The format is the same as it ever was; the six most interesting songs I've heard for the first time this year. It doesn't matter how old the songs are, or how late to the party I am - perhaps they're not even the ones I 'liked' the most, but the ones that sparked the most interest, and are worth sharing.
The Spotify playlist is exactly where you expect it to be. Spotify's own attempt at my Top Songs of 2022 was sadly polluted by the children's listening habits; a fine mix of Ska, Soul and Blues - but one that didn't generate any great insights for me personally.
Ordinary Life - Emily Breeze
Finding a song like this is what I hope for when I'm idly listing to whatever recommendations, human or machine I can find. Without warning a lyric snares you and pulls you into the song's world, when you emerge from the trance, you realise you've listed to it twenty times and can't remember what day of the week it is any more. In this case the lines:
Someone was gonna spot me walking down Stokes Croft and say
Hey kid, I'm gonna make you a star
And whisk me away into my glittering future
Twenty years later, I'm still waiting
Snagged my ear, and as I become aware again after an old familiar name has pulled memories of Bristol into the forefront of my mind, I'm hit with:
We had widescreen, high definition, surround-sound love affairs
And low budget B-movie one night stands
Somehow it was always the end of the summer
And we dragged ourselves through the streets at dawn
To our days jobs and dole office appointments
Fuelled by weapons grade hope and uncut dreams
And that hits hard. It brings with it both real memories from the past, and possible memories, of an alternate universe where I still live in Bristol, and don't have children, getting older in a completely different way. Luckily for me it looks like Emily Breeze is excising this alternative universe with song, other tracks like The Bell or Confessions Of an Ageing Party Girl make it clear that is her current neurosis and will probably feature heavily in the coming album Rapture.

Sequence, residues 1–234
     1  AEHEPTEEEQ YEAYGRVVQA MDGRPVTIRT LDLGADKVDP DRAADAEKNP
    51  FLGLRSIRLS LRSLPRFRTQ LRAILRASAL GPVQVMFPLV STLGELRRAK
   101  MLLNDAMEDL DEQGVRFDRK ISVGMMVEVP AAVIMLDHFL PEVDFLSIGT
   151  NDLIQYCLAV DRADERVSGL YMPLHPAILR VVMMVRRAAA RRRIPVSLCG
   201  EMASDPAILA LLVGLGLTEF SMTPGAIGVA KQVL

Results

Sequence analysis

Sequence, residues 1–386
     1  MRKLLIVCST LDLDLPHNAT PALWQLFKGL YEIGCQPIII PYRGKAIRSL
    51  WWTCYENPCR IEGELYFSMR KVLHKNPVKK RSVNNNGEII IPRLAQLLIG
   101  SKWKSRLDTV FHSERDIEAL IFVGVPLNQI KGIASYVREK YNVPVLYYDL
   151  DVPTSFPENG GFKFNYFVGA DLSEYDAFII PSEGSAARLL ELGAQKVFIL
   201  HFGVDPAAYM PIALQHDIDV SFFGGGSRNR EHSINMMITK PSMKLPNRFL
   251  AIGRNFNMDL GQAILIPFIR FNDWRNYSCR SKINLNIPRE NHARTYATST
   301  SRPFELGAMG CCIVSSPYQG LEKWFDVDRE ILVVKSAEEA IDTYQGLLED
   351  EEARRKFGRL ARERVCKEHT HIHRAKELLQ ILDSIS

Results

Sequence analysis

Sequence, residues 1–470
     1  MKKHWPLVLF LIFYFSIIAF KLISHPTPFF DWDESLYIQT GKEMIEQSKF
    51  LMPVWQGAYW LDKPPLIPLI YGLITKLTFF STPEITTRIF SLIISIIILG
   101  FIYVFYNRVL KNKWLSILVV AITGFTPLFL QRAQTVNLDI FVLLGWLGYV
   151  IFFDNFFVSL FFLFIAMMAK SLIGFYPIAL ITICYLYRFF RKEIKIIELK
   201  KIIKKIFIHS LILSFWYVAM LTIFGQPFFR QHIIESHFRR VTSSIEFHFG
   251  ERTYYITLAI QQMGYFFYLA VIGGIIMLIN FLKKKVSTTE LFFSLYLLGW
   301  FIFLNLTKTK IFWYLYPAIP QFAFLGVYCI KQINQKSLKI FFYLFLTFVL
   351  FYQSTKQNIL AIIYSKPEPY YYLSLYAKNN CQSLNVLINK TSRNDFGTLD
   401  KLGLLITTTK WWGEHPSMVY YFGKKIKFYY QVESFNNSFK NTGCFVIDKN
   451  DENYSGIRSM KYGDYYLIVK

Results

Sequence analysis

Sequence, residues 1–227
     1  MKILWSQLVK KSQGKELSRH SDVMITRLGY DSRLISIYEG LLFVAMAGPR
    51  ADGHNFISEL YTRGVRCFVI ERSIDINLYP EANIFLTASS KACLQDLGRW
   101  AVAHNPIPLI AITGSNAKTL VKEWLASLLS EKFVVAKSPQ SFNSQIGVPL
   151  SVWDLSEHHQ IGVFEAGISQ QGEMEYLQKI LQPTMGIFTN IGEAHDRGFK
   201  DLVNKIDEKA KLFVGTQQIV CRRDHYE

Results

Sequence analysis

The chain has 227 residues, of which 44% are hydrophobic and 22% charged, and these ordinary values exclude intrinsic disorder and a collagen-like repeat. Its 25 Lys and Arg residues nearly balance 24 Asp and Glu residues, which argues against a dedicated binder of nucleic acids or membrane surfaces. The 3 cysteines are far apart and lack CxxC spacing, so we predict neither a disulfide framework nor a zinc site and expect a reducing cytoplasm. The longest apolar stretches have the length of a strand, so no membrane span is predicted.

This is a theme that's also found on Frank Turner's Little Life, which segues us nicely into…
A Wave Across A Bay - Frank Tuner
A Wave Across A Bay is Frank's cathartic tribute to his lost friend, and Frightened Rabbit frontman, Scott Hutchison, who sadly looks to have taken his own life in 2018, inspired by a dream Frank had in which he appeared. It's a strangely optimistic song, considering the content, but manages without being tasteless or trite. It's a hard balance to strike, but with uplifting chords and the hopeful outlook that it made Scott happier, he succeeds.
It's certainly be best song on the album FTHC; Farewell To My City and Little Life are also great songs, the rest of the album didn't really stick with me as much, not as much as previous albums have.
No One's Gonna Need You More - The Dangerous Summer
I can't remember when or how I stumbled upon this 2011 article reviewing The Dangerous Summer's War Paint, or how long it's been on my 'read it later' list, whenever and however it got there, this year is when I finally got around to reading it, and listening to the accompanying album.
Something like furtherfromthesky.blogspot.com is one of the hidden delights that are still tucked away on the internet. It's the personal site of a former absolutepunk.net contributor Craig Manning, where all his old reviews are archived, probably since the original site was shuttered in 2016. It doesn't matter that the review1 is more than a decade old, it did what positive reviews do, and get you to try something you haven't heard before, and in this case mixed together with the reviewer's experience of the music, and how it integrated into his life - this isn't just a review pumped out for a content farm after a few (if you're lucky) listens.
The result is that The Dangerous Summer are, according to my Spotify statistics, my most listened to artist this year, and for two reasons. First the music is good, second it's a sort of nostalgia it's created in me for a time when this music would have a much bigger impact on me. For Craig Manning, he heard their music in those teenage years where music seems to become embedded in you, and become part of your identity; but for me, even if I'd heard them in 2009-'11, The Dangerous Summer would have just missed that window. Now I'm long past that time, but listening to The Dangerous Summer has created a kind of 'alternative nostalgia', and imagining a world where it had been The Dangerous Summer that I was listening to at the end for high school and the start of university, and trying to listen to their music with that mindset, and remember what it felt like.